In less than 10 years, the majority of all radios in use would be HD-capable, making it feasible for all stations in the AM service to make a one-time complete conversion to all-digital. Dropping analog has been the ultimate goal from the beginning. The FCC would set the date perhaps five years in advance, giving all parties with a vested interest plenty of time to prepare for the heralded event.
FM could also convert to all-digital at the same time unless LPFMs and smaller stations needed more time. Certainly that could be negotiated. The precedent for mandating the end of the old service has already been established for TV. But no, this would not be another HDTV boondoggle. It’s comparatively cheap and easy to add HD transmission to most AM stations and only a bit more challenging for FM.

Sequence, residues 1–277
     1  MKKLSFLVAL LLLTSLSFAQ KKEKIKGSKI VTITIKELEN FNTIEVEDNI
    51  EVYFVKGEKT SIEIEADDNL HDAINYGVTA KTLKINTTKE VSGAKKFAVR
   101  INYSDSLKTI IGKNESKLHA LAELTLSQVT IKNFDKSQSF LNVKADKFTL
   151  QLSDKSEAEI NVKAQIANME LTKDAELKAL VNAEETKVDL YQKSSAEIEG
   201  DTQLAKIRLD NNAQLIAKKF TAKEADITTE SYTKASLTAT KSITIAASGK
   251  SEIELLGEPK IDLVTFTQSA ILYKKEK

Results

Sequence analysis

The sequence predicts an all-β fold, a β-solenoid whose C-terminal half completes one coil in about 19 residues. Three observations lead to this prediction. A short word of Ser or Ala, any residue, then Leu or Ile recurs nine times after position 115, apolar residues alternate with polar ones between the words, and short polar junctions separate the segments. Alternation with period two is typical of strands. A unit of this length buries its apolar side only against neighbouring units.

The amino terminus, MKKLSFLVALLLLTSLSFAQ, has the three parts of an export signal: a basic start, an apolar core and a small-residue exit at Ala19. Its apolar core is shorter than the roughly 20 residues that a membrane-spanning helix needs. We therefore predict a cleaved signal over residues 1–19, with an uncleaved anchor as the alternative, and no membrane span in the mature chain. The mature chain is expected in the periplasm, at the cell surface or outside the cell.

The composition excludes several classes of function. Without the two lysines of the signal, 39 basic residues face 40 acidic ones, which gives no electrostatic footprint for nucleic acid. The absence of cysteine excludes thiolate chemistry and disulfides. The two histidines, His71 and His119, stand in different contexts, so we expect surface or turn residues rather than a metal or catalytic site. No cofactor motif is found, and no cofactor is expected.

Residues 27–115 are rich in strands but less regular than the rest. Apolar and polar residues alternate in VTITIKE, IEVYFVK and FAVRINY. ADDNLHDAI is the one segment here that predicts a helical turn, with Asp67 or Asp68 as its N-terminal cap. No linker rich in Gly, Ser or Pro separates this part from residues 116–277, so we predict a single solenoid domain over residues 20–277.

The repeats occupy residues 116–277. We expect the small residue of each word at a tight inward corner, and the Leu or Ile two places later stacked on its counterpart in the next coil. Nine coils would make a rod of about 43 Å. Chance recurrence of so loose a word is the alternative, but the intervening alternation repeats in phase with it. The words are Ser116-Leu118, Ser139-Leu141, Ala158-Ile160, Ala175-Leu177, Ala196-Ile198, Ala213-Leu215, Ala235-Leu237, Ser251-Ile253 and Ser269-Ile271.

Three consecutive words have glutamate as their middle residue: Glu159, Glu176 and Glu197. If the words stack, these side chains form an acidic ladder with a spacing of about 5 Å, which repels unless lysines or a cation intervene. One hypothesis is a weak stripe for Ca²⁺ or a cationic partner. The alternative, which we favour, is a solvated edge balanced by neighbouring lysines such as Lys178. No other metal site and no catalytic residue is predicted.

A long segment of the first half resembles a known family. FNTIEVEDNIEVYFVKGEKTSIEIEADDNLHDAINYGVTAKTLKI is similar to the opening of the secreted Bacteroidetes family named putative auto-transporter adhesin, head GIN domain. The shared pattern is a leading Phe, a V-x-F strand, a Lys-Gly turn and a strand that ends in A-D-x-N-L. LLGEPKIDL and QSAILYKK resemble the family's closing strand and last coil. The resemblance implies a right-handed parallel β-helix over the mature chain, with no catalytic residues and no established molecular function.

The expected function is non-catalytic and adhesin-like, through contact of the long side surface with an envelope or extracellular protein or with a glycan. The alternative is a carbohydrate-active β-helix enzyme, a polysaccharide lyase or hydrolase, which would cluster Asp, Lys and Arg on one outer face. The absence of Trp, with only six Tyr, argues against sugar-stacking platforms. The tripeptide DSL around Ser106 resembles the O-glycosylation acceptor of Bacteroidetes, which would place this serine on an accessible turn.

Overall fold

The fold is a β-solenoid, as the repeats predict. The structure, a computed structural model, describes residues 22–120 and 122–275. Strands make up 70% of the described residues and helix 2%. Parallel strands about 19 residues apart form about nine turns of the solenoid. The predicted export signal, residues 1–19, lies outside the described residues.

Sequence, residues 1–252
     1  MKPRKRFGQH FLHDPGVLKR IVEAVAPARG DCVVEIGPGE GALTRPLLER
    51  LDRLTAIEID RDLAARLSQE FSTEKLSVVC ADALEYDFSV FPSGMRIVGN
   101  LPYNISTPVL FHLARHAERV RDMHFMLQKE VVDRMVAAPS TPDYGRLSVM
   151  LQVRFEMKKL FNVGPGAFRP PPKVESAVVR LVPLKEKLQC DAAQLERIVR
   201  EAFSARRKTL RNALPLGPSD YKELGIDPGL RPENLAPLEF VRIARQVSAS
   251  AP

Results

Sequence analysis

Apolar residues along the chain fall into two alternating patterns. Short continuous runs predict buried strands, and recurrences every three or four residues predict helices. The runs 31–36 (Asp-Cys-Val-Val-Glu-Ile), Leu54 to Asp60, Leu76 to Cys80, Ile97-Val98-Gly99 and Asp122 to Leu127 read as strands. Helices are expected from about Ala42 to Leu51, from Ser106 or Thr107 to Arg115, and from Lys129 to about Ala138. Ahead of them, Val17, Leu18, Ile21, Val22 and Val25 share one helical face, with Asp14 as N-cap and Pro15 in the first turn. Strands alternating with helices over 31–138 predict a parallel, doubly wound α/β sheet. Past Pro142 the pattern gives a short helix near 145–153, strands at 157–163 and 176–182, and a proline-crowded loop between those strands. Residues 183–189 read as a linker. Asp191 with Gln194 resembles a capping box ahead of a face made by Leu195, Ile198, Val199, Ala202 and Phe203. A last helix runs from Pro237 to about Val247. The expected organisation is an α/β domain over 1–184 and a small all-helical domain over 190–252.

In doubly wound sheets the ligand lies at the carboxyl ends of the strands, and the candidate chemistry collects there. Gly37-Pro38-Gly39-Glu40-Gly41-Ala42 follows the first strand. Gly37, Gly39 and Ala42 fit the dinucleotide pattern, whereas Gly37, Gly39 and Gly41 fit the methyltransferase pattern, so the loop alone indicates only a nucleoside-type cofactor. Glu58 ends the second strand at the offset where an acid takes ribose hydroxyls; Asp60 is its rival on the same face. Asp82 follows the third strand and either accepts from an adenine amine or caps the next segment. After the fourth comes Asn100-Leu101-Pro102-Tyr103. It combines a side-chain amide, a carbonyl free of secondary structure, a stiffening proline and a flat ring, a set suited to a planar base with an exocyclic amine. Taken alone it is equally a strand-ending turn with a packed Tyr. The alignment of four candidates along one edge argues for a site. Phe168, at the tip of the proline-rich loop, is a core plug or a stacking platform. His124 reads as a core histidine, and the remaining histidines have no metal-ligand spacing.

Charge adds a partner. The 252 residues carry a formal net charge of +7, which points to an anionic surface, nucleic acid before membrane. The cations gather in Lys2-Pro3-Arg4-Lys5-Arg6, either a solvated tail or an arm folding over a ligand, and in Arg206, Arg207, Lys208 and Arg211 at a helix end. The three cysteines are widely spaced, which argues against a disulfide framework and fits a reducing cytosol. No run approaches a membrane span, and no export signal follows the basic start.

Something for everybody
This proposal accomplishes several vitally important goals. First, it eliminates the messy hybrid transition phase for AM and all of the concerns about interference.
Most important, it forces the issue of industry wide acceptance for all parties and guarantees the entire industry that HD Radio will be adopted. No more “let the marketplace decide” uncertainty. Stations will know well in advance they will have to make the conversion.
Receiver manufacturers will know well in advance that analog radios will no longer be necessary and can focus on building HD and all digital designs. They have made it clear that it’s more expensive to build and market both HD and analog-only radios. Prices for HD receiver chips would drop more rapidly enabling affordable Walkman and tabletop versions.